Network of drains vital as groundwater floods Lacey Road homes

"Residents are forced to evacuate and abandon their homes."

IT NEVER rains but pours for the community at the Lacey Road informal settlement. Recent rains have added another challenge to their daily struggle as water pours down the slope the settlement is built on and floods the homes in its path, forcing residents to evacuate and abandon their homes.

According to Ward 31 Councillor Chris Pappas, the land the community has built their structures on is a wetland, which adds to the problem as the water rises from underground and mixes with the water flowing down the slope.

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“We are appealing to the community for help by donating bags of cement. We are planning to build drains that would be able to channel the water into drains. Fortunately for us the source of the water is higher up and at certain intersections, so if we put concrete at those spots then we will be able to stop the flow into people’s homes,” Pappas said.

“When it rains it gets very bad with people battling water coming from under the ground and the surface water that flows from the top of the slope down. Our biggest concern is also that the water mixes with the sewage and then goes straight into our rivers and oceans. It is also a health hazard for the community. We are asking the people out there to help us create a better environment for everybody’ sake,” added Pappas.

According to a study conducted by the National Biodiversity Assessment in 2001, it was found that the country’s wetlands are the most threatened ecosystem in the country. KwaZulu-Natal, North West and Gauteng were expected to have no natural vegetation outside of protected areas by 2050. Based on the study, the growth of agriculture, mining and urban sprawl were the main causes of the loss of natural vegetation in the three provinces.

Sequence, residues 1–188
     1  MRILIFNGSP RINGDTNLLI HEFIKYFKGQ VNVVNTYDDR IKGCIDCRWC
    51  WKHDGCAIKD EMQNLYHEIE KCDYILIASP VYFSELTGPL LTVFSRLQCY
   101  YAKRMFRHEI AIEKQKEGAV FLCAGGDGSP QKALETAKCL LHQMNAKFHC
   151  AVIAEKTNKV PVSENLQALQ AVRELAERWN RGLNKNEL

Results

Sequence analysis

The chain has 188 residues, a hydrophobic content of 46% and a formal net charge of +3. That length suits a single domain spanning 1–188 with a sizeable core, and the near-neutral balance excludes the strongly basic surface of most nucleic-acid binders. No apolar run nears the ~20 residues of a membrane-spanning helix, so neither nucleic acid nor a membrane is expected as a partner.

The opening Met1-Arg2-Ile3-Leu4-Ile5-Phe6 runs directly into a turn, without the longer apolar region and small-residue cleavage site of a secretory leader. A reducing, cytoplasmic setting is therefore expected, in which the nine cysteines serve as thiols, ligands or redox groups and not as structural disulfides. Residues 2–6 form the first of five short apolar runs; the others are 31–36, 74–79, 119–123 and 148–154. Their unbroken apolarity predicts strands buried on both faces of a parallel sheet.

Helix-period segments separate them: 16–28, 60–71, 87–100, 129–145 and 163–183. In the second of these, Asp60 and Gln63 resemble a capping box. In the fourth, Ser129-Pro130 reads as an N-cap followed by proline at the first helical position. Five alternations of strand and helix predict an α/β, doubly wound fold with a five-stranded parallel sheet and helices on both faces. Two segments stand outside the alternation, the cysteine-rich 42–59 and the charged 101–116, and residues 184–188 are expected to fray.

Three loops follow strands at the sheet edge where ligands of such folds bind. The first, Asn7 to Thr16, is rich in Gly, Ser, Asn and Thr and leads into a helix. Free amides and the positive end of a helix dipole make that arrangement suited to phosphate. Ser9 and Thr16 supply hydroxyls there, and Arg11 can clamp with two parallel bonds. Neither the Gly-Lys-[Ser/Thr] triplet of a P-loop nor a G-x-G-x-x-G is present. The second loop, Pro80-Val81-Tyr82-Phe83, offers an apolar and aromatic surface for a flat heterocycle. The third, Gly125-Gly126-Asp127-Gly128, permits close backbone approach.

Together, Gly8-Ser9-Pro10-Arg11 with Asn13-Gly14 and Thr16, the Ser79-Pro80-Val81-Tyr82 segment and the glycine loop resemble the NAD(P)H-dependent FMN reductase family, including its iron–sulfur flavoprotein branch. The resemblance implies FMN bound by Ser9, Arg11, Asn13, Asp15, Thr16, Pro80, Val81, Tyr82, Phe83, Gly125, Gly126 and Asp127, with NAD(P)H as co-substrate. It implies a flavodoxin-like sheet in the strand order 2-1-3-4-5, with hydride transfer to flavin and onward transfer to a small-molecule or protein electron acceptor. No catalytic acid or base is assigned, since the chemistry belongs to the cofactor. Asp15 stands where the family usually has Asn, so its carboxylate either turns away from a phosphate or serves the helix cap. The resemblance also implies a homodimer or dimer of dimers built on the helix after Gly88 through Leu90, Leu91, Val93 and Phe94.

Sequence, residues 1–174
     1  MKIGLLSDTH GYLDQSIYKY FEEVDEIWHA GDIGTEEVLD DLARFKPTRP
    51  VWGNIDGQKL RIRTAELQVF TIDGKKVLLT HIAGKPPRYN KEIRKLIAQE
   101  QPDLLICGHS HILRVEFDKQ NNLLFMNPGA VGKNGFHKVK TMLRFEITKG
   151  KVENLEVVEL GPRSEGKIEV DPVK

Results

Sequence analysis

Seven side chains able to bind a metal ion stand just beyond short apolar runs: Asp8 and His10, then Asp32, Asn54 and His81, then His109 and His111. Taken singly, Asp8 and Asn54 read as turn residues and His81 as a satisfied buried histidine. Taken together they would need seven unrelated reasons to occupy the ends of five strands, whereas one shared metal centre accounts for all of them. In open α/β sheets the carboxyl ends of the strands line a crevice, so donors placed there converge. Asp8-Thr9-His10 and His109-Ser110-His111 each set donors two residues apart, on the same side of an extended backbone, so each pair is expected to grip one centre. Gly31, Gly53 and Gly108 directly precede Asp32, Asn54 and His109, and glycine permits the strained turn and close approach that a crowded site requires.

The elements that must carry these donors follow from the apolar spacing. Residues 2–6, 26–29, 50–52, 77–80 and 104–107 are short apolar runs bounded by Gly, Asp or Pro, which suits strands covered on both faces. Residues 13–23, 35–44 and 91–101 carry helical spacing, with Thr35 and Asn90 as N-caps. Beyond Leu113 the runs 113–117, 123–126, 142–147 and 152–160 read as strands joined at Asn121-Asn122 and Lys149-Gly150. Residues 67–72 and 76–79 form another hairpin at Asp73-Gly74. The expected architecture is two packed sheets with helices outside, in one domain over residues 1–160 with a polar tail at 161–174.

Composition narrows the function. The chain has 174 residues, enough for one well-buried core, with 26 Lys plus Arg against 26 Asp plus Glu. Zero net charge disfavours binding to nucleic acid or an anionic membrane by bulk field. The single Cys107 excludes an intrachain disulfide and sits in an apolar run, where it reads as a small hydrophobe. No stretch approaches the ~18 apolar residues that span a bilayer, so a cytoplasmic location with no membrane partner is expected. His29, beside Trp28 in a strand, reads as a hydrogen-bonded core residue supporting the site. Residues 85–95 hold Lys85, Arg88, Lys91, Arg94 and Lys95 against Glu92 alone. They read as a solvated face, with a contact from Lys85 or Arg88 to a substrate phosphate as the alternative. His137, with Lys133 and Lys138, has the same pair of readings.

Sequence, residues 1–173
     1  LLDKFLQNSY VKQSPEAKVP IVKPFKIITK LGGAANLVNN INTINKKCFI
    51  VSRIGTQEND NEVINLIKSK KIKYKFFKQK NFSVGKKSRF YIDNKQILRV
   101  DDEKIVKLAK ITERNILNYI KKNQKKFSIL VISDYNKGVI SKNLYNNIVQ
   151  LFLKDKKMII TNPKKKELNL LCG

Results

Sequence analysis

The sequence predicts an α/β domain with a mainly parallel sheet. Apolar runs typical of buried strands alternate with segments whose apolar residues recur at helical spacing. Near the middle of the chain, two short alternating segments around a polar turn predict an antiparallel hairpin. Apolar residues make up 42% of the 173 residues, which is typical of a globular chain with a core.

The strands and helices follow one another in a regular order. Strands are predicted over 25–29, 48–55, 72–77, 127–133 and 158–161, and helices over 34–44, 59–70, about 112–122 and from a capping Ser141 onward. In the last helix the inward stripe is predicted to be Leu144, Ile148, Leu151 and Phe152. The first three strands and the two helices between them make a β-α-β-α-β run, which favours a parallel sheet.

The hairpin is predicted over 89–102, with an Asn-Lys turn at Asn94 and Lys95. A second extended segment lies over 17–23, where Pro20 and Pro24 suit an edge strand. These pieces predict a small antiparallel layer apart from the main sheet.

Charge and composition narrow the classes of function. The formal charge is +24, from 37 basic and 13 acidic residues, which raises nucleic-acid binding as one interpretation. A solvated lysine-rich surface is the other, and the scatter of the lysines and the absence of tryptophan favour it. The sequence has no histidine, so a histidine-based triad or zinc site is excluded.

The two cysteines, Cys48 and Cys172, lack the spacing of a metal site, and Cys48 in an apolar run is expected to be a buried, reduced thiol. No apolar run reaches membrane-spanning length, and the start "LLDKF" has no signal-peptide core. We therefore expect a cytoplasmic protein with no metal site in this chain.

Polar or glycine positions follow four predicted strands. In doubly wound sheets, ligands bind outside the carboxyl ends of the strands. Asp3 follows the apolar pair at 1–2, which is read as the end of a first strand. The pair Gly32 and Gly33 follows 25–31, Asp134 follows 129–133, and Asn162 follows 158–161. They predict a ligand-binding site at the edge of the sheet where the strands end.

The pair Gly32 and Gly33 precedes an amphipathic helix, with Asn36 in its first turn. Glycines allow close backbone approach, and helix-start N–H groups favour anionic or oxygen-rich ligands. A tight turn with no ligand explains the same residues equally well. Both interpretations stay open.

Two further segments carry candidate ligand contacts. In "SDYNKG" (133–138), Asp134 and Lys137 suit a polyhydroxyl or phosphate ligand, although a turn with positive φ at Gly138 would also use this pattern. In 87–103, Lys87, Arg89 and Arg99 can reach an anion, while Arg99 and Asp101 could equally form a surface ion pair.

One of the affected settlement residents, Nonhlanhla Shangase said her home had been filled with water for the past five months. “It does not matter how many times we try to empty the house it just comes back. Sometimes you go to bed having no water and when you wake up the entire house is just filled with water, whether its raining or not. Our furniture has been destroyed and we are now squatting with a friend, at least there the water is not that bad. It’s just the life that we are living, it’s very tough.”

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Trevor Balzer from the Department of Water and Sanitation said the loss of ecological infrastructure, such as wetlands, significantly affects the availability of water – especially when clusters of wetlands lose their ability to release water in times of drought. “The loss of wetlands also negatively affects the ability of water systems to offset flow in times of flooding,” he said.



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